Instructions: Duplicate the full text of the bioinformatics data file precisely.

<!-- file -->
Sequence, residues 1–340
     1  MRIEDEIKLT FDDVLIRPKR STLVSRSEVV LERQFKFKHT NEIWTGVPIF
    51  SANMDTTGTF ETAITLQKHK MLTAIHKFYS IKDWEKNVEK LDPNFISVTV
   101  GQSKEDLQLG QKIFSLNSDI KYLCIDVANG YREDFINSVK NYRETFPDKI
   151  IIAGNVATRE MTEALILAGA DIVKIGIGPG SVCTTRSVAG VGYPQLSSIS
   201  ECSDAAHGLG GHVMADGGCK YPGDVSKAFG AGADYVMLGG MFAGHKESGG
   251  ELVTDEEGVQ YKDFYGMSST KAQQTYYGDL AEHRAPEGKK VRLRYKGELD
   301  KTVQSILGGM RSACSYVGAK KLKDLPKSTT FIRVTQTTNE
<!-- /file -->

Sequence, residues 1–340
     1  MRIEDEIKLT FDDVLIRPKR STLVSRSEVV LERQFKFKHT NEIWTGVPIF
    51  SANMDTTGTF ETAITLQKHK MLTAIHKFYS IKDWEKNVEK LDPNFISVTV
   101  GQSKEDLQLG QKIFSLNSDI KYLCIDVANG YREDFINSVK NYRETFPDKI
   151  IIAGNVATRE MTEALILAGA DIVKIGIGPG SVCTTRSVAG VGYPQLSSIS
   201  ECSDAAHGLG GHVMADGGCK YPGDVSKAFG AGADYVMLGG MFAGHKESGG
   251  ELVTDEEGVQ YKDFYGMSST KAQQTYYGDL AEHRAPEGKK VRLRYKGELD
   301  KTVQSILGGM RSACSYVGAK KLKDLPKSTT FIRVTQTTNE